Lloyds Banking Group has announced a £1 billion buy back of its shares, in what could mark the first in a series of cash returns from Britain’s largest bank.The move was revealed as Lloyds reported its annual results today, which saw a 24% rise in profits to £5.3 billion and 6 per cent rise in revenues. The buy back runs against concerns about Lloyds' capital raising requirements that emerged in the bank’s annual stress tests last year because of its recent acquisition of MBNA credit card business. Anaylsts at Credit Suisse have said they expect Lloyds to return £15 billion to shareholders over the next three years.
What happened yesterday?
Solid results from HSBC, BHP Billiton and InterContinental Hotels Group failed to please demanding investors as the blue-chip giants all fell to the bottom of the FTSE 100 index, which closed 0.012 per cent lower at 7,246.77.
HSBC’s reporting of a 141% increase in pre-tax profits was shrugged off by investors who expected higher earnings, leading shares in the bank to finish down 3.09 per cent at 737.00. HSBC was joined at the bottom of the table by BHP Billiton who, despite posting a 25% increase in its interim profit and a healthy dividend, shed 4.58 per cent or 71.60 points.
At the other end of the scale, Evraz was the standout gainer after signing a new five-year contract on Monday to supply rail products to Russian Railways. Shares in the steelmaker were up 5.02 per cent or 20.70.
Meanwhile, the pound was buoyant on the optimistic tone struck by Brexit secretary David Davis as he confirmed the government’s intentions for Britain to remain as closely aligned as possible with the EU after it leaves the bloc in 2019. Sterling gained 0.6% against the euro at €1.14 and recovered early losses to finish flat at the dollar at $1.40.
Capital & Counties Properties
Lloyds Banking Group
Mithras Inv Trust
OMV Petrom S.A. GDR (REG S)
Hotel Chocolat Group
Target Healthcare Reit Ltd
Bankers Inv Trust
Baronsmead Venture Trust
Gooch & Housego
Schroder European Real Estate Investment Trust
UK Economic Announcements
(09.30) Claimant Count Rate
(09.30) Public Sector Net Borrowing
Intl. Economic Announcements
(12.00) MBA Mortgage Applications (US)
(14.45) PMI Manufactuing (US)
(15.00) Existing Home Sales (US)
Columns of Note
Writing in the FT, Martin Wolf comments that the government’s oft-repeated redlines in negotiations bar any post-Brexit trading model other than a Canadian-style free trade agreement. Whereas a much smaller Canada was able to reach agreement with the EU after nine years, Wolf suggests the much more aggressive trading stance of the UK could take much longer.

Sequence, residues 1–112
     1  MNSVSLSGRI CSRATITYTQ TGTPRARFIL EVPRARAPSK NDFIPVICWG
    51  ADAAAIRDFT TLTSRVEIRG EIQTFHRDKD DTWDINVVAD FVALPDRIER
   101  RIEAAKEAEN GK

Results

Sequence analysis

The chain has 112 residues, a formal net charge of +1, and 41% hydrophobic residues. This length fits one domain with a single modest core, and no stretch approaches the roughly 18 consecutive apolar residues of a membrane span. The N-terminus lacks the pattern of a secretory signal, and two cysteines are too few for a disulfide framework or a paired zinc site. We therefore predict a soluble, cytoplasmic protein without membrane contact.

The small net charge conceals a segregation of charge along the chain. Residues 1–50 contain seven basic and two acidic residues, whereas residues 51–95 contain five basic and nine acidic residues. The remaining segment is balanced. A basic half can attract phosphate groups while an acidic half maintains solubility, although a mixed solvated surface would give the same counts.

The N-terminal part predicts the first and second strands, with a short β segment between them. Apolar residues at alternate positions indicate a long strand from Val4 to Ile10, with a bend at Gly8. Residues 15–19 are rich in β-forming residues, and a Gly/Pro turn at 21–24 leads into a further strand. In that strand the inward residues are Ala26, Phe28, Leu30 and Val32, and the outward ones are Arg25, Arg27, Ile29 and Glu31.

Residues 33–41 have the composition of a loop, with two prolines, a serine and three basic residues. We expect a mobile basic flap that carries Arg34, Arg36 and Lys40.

Hugo Rifkind comments in The Times that Russia interference in Western democracy has only been permitted because the tribal nature of our politics has allowed it to be. Pointing to the Mueller indictment of Russian nationals accused of sabotaging the US presidential election, Rifkind suggests Russia succeeded by finding a ready audience, as recruitment pool, in the US already.
Did you know?
The outside of an average golf ball has 336 dimples.
House of Commons
Cabinet Office and Chancellor of the Duchy of Lancaster (including Topical Questions)
Prime Minister’s Question Time
Ten Minute Rule Motion
Share Parental Leave and Pay (Extension) – Tracy Brabin
Finance (No. 2) Bill – Remaining stages
UK research centre for ceramics – Jack Brereton
House of Lords
Assessment of living conditions in Gaza – Baroness Tonge
Loss of retention monies by small firms following insolvency of Carillion – Lord Aberdare
Provision of and funding for local neighbourhood services – Lord Greaves
Issuing a special licence under section 30 of the Misuse of Drugs Act 1971 Act to enable the family of Alfie Dingley to import cannabis-based medication to treat his epilepsy – Baroness Meacher
European Union (Withdrawal) Bill – Committee stage (day 1) – Lord Callanan
Promoting volunteering – Baroness Armstrong of Hill Top
Rural Economy and Connectivity, Environment, Climate Change and Land Reform
Stage 3 Proceedings
Budget (Scotland) (No. 2) Bill
St John’s Children’s Ward, Still Closed to Out-of-hours inpatients – Neil FIndlay
House of Commons
International Trade (including Topical Questions)
Women and Equalities (including Topical Questions)
Debate on a motion on the role of disabled people in economic growth
City of London Corporation and its pensions schemes obligations – Kate Hoey
House of Lords
Providing patients with costs of treatment to encourage charitable donations to the NHS – Lord Brooke of Alverthorpe
Re-establishment of devolved government in Northern Ireland – Lord Lexden
Assessment of the situation in Sudan regarding human rights and humanitarian aid – Baroness Cox
Nuclear Safeguards Bill – Committee stage (day 1) – Lord Henley
Priority given to women and girls, including widows, when developing and implementing Department for International Development initatives and projects – Lord Loomba
First Minister’s Questions
Establishment of the Scottish Stone Group – Graeme Dey
Scottish Government Debate
Scotland’s Population Needs and Migration Policy
Legislative Consent Memorandum
Financial Guidance and Claims Bill